RadioBDC Logo
All These Things That I've Done | The Killers Listen Live
THIS STORY HAS BEEN FORMATTED FOR EASY PRINTING
G force

The world according to Irving

Author John Irving. Author John Irving. (Jane Sobel Klonsky)
By Joseph P. Kahn
Globe Staff / September 6, 2011

E-mail this article

Invalid E-mail address
Invalid E-mail address

Sending your article

Your article has been sent.

Text size +

WHO
John Irving

WHAT
Irving, 69, is a best-selling novelist ("The World According to Garp," "A Prayer for Owen Meany") and Oscar-winning screenwriter ("The Cider House Rules"). A New Hampshire native, he graduated from Phillips Exeter Academy, where he began a lifelong love affair with the sport of wrestling, and later attended the University of Iowa Writers' Workshop, where his mentors included Kurt Vonnegut. Irving's most recent novel, "Last Night in Twisted River," appeared in 2009; his next, "In One Person," will be published in 2012. Often compared to Charles Dickens for his sprawling, character-driven narratives, Irving divides his time between homes in Vermont and Canada. On Sept. 13, at 8 p.m., he'll speak at Salem State University. For ticket information, call 978-542-7555 or visit www.salemstate.edu/series.

Q. What will you talk about at Salem State?

A. Years ago I decided to talk to audiences like this one about the book I was writing, the one that hadn’t been published yet, so my most passionate readers aren’t disappointed by my repeating myself.

Q. Can one assume that, like your other novels, “In One Person’’ began with its final sentence? That what you’ve called your “roadmap in reverse’’ formula still applies?

A. It does. But if I thought of a better last sentence midway through, I wouldn’t hesitate to use it. This isn’t a belief system, in other words. I’ve never prescribed it as a way other writers should write, either. Still, I’ve always found it hard to start writing a book not knowing what was going to happen.

Q. In revisiting plot elements like the death of a child, you’ve said you write about the things you obsessively fear, not necessarily what’s happened to you personally. Is that true for this book?

A. Of all the things you choose in life, you don’t get to choose what your nightmares are. You don’t pick them; they pick you. It’s never far into the writing process before I think, oh God, here they come again: those emotional and psychological territories you’ve explored before. That said, “In One Person’’ is probably my most political novel since “Cider House.’’ Only that and “Owen Meany’’ - one dealt with abortion, the other with Vietnam - are by my definition political. This one has a first-person narrator who’s a bisexual man, distrusted by gay men and straight women both. It’s a social-political novel asking for more tolerance of our sexual differences, I suppose.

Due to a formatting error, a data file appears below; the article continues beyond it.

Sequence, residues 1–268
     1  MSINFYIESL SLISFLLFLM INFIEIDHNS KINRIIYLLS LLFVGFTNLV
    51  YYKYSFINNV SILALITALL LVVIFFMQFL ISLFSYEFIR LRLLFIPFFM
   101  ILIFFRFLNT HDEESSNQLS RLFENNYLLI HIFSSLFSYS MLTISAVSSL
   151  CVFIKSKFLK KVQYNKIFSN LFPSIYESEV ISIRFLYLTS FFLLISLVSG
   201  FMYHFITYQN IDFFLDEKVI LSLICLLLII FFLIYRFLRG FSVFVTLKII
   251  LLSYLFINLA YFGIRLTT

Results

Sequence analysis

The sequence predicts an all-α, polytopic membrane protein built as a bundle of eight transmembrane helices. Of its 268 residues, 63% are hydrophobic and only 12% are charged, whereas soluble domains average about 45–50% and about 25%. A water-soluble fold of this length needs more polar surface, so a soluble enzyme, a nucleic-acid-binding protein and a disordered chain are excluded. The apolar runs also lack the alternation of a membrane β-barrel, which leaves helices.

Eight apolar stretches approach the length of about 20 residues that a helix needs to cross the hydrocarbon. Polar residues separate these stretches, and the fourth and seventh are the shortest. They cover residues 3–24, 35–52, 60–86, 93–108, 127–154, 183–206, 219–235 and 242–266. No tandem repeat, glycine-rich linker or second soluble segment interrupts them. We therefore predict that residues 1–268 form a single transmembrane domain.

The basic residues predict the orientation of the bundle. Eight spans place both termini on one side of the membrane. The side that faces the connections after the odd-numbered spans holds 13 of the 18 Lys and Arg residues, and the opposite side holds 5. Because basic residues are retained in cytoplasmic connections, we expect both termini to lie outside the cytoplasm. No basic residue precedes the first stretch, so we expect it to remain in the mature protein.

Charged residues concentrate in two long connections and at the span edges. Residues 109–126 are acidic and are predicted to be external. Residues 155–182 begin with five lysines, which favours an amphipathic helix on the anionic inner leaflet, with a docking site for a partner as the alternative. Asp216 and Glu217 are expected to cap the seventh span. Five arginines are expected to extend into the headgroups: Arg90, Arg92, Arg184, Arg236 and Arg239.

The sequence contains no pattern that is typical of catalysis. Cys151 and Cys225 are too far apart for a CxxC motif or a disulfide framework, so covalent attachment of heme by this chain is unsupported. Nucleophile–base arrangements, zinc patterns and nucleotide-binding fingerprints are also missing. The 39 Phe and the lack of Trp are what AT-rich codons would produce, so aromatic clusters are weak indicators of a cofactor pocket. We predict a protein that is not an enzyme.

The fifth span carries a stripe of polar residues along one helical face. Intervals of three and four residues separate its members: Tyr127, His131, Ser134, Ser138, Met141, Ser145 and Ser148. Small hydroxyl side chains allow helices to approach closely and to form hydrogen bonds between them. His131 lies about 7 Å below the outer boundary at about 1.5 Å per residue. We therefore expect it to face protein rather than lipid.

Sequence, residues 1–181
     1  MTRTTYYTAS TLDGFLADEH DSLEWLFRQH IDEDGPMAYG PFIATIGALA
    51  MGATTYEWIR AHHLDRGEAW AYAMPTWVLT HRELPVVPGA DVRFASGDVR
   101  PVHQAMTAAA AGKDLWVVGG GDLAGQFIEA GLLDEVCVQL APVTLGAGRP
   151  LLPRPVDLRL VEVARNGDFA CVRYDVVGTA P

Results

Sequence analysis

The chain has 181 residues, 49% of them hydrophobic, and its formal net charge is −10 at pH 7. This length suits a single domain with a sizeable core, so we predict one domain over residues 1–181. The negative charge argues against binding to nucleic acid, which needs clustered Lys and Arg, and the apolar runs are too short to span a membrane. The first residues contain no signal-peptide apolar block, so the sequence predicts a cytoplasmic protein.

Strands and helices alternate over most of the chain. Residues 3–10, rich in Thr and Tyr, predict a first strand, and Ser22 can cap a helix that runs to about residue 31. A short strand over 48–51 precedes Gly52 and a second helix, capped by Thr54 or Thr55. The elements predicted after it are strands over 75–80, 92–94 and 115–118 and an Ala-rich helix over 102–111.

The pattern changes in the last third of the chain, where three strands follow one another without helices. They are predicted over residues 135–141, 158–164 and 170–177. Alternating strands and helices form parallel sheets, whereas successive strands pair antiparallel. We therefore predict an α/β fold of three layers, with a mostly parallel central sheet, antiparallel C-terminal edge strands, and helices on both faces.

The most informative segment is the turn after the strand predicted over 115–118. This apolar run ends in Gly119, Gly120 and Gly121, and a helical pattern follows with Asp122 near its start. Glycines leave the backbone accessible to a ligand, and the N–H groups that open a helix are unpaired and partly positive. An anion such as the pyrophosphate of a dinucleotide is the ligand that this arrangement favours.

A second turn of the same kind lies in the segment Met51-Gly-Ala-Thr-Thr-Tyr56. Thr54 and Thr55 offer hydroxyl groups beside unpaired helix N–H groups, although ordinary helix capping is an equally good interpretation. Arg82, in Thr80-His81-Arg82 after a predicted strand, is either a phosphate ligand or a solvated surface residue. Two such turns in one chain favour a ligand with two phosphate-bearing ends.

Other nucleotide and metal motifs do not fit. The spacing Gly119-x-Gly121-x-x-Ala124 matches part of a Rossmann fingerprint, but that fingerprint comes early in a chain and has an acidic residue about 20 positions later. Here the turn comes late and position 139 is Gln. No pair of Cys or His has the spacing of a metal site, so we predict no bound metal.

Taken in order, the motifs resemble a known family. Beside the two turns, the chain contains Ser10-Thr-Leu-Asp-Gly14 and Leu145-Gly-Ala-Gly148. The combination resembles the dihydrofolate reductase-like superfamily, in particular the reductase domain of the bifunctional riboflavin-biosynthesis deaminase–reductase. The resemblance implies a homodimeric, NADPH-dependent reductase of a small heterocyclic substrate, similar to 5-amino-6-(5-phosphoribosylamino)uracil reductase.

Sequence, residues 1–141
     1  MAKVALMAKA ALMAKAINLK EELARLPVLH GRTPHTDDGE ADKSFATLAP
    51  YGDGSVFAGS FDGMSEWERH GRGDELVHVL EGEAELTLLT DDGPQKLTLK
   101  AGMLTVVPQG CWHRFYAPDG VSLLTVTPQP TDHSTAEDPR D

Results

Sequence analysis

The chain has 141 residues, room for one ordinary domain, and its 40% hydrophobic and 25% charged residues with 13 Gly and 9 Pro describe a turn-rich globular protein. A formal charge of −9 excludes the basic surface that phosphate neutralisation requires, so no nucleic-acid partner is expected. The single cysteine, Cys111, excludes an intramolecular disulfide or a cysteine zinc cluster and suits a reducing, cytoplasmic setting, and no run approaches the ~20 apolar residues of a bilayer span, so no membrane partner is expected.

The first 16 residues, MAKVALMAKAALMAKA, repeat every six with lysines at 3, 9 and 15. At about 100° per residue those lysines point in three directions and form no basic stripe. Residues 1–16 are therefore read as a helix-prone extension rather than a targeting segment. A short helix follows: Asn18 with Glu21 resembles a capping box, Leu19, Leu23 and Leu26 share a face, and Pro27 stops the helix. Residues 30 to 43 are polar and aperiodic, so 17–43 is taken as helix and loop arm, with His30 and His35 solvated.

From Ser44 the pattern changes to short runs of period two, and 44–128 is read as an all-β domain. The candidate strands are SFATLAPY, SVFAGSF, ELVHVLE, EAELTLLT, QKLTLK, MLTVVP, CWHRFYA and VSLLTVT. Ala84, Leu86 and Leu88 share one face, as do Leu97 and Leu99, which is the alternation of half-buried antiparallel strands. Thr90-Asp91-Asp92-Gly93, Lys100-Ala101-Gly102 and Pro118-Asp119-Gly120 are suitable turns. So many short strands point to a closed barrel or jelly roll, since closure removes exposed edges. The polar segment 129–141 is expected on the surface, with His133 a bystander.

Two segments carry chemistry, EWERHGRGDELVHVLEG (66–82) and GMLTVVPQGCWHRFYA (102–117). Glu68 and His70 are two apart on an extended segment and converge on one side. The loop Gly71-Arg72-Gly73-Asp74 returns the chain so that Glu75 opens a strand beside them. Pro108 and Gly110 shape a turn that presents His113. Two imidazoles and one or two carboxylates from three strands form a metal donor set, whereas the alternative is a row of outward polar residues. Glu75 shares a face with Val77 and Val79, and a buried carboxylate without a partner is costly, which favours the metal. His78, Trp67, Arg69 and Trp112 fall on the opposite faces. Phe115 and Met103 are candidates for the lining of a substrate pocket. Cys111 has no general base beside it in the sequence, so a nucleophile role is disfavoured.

Q. Why that subject and why now?

A. After “Garp,’’ which was also about sexual hatred and intolerance, I never thought I’d go down that road again. But here I am. Then again, when “Cider House’’ appeared, in 1985, many abortion-rights activists thought it quaint that I’d write about that subject after the battle had been won. I remember thinking, do they honestly believe it’s going away after Roe v. Wade? Did homophobia end with the Stonewall riots? No.

Q. Do you find writing screenplays much different from novels?

A. I find screenplays easy to write, my novels being very visual. You see what people look like. The physical action is described. That comes from my early influences: Dickens and Hardy and Melville. Screenplays are nothing but description. You write one by describing a movie you’ve seen but nobody else has. Yet.

Q. But you’ve also indicated you’re pretty much done with them, right?

A. The film industry today is in even worse shape than the publishing industry. Meaning the degree of risk being taken. How simply awful most movies are. At 69, I don’t see myself writing any more new screenplays. In fact, I have a couple already written that are so very much not going into production anytime soon, and which I may rewrite as novels. It’s disheartening, though, to be involved in an industry where a committee of morons, who aren’t artists, decide whether your stuff is going to make back what it costs. At 29, I could maybe play that crapshoot for another decade or so. At 69, I don’t have the time.

Q. Have you entered the modern world of author websites and social media?

A. It may sound anachronistic for someone who still writes in longhand, but I am interested in it - for an old-fashioned reason. Having an interactive website may mean I never have to do another book tour. Also, I do more interviews by e-mail now than in person, which I love. What the hell, I’m a writer. I write better than I talk.

Interview was condensed and edited. Joseph P. Kahn can be reached at jkahn@globe.com.